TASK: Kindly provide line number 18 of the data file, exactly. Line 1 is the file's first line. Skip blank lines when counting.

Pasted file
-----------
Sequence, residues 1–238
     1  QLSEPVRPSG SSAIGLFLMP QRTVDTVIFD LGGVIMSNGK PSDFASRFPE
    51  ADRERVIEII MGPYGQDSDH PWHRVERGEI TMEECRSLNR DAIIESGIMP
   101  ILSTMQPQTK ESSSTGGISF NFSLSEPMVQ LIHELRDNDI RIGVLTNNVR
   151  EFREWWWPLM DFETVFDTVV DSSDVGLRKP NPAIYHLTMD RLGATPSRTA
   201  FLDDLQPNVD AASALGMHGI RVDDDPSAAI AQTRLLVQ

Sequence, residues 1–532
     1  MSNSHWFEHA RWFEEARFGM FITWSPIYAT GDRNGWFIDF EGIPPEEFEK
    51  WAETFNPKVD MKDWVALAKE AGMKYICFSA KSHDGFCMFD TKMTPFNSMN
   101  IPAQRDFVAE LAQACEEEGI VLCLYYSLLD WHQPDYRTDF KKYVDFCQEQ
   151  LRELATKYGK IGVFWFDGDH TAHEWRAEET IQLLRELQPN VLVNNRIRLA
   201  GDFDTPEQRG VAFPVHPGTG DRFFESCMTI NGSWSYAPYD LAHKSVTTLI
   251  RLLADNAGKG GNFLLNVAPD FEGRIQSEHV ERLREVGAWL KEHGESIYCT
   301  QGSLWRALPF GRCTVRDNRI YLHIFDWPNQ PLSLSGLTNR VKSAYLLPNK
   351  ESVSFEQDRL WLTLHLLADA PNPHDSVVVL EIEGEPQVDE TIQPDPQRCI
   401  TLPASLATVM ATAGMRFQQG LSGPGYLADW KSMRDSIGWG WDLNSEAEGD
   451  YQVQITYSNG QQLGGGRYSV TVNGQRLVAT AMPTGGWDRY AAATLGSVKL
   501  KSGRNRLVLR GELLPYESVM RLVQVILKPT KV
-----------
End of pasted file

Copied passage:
   501  KSGRNRLVLR GELLPYESVM RLVQVILKPT KV